Río Sonora (Ruta del) Travel Guide

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Piedra Historica-Banamichi Sonora

Piedra Historica-Banamichi Sonora

Thomas Matthews

The Ruta del Río Sonora (Sonora River Route) begins just below Cananea, a large and fairly prosperous mining town some 80 km. (50 miles) southeast of Douglas AZ. There Sonora highway 118 sets off to trace an easy day's drive through spectacularly varied countryside and a number of picturesque villages quite different from those encountered along the more frequented national route 15. Historical interest lies in the fact that several villages were founded in the 1600s by Spanish explorers and missionaries, as the river valley provided a convenient route for exploration to the north.

Bacoachi and Arizpe, both founded in 1646, are the first towns of note going south from Cananea. Arizpe has the historical importance of having been a provincial capital in the 1700s, and its colonial church dating from not long after the town's foundation was the first in Sonora to gain Cathedral status.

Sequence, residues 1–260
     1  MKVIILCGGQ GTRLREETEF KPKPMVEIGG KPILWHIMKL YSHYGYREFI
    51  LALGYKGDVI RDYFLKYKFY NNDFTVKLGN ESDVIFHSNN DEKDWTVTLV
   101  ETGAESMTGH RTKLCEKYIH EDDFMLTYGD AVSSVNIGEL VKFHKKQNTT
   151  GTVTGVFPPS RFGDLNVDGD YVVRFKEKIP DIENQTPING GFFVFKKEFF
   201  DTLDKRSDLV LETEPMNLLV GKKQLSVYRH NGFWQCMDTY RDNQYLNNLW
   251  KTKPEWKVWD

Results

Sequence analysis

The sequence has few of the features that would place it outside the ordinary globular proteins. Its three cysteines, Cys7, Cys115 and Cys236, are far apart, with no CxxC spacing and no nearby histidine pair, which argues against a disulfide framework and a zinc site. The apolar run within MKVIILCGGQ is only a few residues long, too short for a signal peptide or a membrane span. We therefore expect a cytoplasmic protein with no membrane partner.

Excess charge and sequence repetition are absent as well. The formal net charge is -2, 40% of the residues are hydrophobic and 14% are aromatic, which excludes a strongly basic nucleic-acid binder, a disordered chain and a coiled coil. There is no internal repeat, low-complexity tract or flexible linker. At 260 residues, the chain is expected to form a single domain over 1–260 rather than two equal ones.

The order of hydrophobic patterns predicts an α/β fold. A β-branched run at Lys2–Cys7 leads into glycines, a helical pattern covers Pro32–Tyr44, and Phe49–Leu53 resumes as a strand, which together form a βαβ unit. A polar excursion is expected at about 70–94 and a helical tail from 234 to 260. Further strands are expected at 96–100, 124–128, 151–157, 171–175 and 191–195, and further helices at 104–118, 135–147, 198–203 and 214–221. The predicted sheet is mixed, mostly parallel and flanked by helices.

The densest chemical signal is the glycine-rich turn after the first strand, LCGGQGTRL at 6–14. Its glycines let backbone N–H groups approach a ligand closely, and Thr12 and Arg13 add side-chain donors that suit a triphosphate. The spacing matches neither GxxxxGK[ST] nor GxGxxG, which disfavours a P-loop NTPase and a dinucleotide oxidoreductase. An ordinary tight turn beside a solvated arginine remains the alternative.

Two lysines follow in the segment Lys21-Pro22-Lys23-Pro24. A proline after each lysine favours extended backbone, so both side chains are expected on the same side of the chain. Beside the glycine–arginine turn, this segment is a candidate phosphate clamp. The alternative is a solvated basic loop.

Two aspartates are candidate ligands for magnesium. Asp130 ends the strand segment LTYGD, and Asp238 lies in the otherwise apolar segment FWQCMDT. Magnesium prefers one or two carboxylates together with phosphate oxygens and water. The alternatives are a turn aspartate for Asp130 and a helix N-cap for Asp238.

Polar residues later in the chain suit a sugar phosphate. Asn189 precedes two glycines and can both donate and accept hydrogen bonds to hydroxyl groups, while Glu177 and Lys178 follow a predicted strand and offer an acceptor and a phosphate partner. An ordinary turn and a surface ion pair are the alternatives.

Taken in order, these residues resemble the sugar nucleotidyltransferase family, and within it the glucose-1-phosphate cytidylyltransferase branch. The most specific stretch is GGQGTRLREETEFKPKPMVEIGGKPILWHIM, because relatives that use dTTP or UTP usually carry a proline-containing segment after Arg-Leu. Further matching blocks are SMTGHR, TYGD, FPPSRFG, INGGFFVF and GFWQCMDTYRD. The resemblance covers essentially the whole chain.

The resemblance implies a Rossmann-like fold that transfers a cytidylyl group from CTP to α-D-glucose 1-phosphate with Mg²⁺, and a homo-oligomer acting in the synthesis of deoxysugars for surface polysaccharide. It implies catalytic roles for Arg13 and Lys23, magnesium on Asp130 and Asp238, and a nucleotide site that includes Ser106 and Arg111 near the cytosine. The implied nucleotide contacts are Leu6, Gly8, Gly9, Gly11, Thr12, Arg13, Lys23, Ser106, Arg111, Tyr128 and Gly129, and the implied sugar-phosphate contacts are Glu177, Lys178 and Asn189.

Due to its elevated situation overlooking the valley to the west and the mountains beyond, its former prosperity from agriculture and the nearby Santa Elena gold mine, and its well preserved historical center, many visitors find Banámichi, dating from 1639, to be the most attractive of the Río Sonora valley's settlements. The central plaza -- a green oasis with an attractive kiosk -- is surrounded by colonial architecture of government buildings and homes, punctuated by the brilliant white presence of the well maintained Temple dedicated to Nuestra Señora de Loreto.

Futher south is Huépac, a mission settlement dating from 1644. Of architectural interest is the imposing 18th-century church, and the Palacio Municipal displays a mammoth femur found in the area. Aconchi is the next town of note, known for production of the tiny fiery chiltepín chile. Visitors are attracted to its 18th-century Franciscan church containing a black Christ figure, and to the thermal hot springs 4 km. to the south, whose waters are thought to have medicinal qualities. Baviácora (1639), also a chiltepín center, is the last of the villages going south on the Ruta del Río Sonora, which can be said to end at the intersection of Sonora highways 118 and 21.
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